This morning the National Institute of Standards and Technology (NIST) Published a notice in the Federal Register (78 FR 13024-13028) requesting information in support of their development of the Cybersecurity Framework directed by the President’s Executive Order “Improving Critical Infrastructure Cybersecurity” (EO 13636).
The bulk of the request for information (RFI) is as I have described in two previous blog posts on the President’s Executive Order:
The opening paragraphs of the Supplementary Information section of the RFI are substantially different than those found in the Draft RFI published a week and a half ago. There is not a lot of new information here; mainly just a change in focus and justification for the development of the Framework. An important part of this is the following general statement of how NIST will tackle this complex task:
“As a non-regulatory Federal agency, NIST will develop the Framework in a manner that is consistent with its mission to promote U.S. innovation and industrial competitiveness through the development of standards and guidelines in consultation with stakeholders in both government and industry. While the focus will be on the Nation’s critical infrastructure, the Framework will be developed in a manner to promote wide adoption of practices to increase cybersecurity across all sectors and industry types.”
The suggestions that I made for additional questions and the modification of one question were certainly not adopted in the RFI. Since the suggestions were made just yesterday, even if NIST had been so inclined, there was not time to make changes to the RFI for today’s publication.
While the RFI provides a number of questions that NIST wants to have the critical infrastructure community address in their responses, the RFI also makes clear that any additional information the community can provide that might assist NIST in developing the framework will be appreciated. With that in mind I want to re-post the additional questions that I think should be addressed in the development of the Cybersecurity Framework. I would like to suggest that any critical infrastructure facility or organization with industrial control systems should address these questions when providing a response to this RFI.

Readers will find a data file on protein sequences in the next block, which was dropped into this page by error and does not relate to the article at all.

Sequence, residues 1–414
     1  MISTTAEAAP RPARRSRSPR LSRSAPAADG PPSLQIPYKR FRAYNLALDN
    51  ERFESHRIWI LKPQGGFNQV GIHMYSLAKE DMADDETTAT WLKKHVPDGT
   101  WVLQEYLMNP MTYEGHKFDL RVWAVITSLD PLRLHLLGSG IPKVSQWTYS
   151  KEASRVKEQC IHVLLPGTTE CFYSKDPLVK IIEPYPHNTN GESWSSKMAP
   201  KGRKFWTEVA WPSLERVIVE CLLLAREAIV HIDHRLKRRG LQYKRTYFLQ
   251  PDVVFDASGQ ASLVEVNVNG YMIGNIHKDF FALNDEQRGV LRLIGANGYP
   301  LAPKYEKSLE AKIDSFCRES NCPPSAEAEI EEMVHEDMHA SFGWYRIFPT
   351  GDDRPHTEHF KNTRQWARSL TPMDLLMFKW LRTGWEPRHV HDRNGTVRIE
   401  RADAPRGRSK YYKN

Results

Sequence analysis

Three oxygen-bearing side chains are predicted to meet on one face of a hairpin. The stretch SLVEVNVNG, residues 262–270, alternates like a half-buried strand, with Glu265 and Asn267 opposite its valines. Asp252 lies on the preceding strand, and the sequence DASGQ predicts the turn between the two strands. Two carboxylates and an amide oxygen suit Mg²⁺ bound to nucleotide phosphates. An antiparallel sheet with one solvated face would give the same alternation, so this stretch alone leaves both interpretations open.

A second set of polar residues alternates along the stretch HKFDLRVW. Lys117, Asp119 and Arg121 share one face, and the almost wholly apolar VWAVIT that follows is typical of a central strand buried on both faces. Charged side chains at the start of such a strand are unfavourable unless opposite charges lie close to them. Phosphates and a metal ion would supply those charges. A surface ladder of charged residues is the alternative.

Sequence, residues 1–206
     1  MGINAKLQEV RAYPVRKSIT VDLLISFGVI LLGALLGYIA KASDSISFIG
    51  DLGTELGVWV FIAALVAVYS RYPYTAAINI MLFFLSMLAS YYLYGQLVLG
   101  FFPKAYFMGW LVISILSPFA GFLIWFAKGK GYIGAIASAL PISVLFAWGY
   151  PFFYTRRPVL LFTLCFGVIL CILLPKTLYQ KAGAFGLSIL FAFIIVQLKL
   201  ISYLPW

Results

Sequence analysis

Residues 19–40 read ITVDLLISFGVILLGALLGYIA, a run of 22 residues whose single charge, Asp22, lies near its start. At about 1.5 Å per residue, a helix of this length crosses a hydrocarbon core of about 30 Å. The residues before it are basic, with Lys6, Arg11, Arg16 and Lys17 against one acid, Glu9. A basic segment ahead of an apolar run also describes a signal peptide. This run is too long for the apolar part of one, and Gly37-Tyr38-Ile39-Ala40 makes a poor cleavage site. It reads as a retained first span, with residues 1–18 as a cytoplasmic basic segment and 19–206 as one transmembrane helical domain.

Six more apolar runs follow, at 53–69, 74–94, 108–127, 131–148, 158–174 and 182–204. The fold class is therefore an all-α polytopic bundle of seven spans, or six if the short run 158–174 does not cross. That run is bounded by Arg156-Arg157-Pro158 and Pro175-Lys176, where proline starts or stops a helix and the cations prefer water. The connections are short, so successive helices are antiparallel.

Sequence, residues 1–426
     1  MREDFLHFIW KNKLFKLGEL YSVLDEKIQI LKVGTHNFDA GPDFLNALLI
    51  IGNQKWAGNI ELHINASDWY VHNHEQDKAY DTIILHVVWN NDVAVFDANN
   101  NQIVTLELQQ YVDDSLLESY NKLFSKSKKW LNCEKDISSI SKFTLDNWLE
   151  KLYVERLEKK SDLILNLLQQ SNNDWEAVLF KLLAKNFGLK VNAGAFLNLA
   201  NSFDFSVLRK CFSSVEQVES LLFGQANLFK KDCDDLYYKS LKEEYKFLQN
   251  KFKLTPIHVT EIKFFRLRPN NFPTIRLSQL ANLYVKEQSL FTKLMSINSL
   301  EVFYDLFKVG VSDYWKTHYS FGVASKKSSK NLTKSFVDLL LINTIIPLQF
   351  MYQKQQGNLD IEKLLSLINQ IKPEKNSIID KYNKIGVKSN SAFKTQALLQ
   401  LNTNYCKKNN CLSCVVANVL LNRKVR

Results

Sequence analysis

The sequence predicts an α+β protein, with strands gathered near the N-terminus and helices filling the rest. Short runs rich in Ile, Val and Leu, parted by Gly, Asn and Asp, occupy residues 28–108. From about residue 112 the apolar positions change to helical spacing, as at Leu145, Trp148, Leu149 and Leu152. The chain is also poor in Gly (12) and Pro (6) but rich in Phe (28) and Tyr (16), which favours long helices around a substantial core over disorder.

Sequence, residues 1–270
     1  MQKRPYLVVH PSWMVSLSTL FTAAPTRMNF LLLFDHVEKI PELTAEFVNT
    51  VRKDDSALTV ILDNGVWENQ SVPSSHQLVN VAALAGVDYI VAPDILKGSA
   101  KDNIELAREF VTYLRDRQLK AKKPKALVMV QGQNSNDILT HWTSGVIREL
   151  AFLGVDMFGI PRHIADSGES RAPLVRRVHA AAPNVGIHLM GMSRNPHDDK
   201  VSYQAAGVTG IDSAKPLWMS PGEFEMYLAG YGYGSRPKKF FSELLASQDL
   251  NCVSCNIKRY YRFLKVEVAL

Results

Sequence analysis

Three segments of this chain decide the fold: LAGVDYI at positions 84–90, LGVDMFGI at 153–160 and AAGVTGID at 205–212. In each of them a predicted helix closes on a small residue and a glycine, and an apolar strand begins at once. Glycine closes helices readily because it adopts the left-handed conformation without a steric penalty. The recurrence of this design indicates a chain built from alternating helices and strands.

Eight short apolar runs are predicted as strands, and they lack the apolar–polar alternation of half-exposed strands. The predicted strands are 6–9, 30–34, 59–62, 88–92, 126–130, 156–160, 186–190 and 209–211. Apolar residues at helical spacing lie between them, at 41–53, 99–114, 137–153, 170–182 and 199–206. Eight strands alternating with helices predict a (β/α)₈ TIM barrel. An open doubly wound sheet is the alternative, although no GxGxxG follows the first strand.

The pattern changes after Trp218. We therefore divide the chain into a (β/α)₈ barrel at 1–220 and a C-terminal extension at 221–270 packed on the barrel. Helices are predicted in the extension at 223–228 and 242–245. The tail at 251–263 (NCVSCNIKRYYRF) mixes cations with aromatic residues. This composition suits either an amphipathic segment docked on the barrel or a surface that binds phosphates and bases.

• Does the organization maintain separate security programs for control systems and information systems or are they combined under a single manager?
• Are there significant differences in the ways in which the security programs for IT and control systems manage the risks associated with those systems?
• Does the organization utilize different standards, guidelines and/or best practices in establishing the security requirements for their IT systems and control systems?
The whole point of an RFI is to solicit public comments on the topic. Comments on this RFI may be submitted to NIST via email (email@example.com). Comments need to be submitted by April 8th, 2013. NIST reports that they will publish all comments received, without redaction, at http://csrc.nist.gov.
It is important that everyone in the control system cybersecurity community should take the time to read and respond to this RFI. NIST needs as much as possible from this community to ensure that the unique cybersecurity concerns of control systems be adequately addressed in the preliminary Framework being developed by NIST.
This early publication of the NIST RFI is one of the best signs that I have seen that this Executive Order might actually get implemented before President Obama leaves office. There are still a number of potential road blocks and political hurdles that must be overcome, but this is an encouraging sign.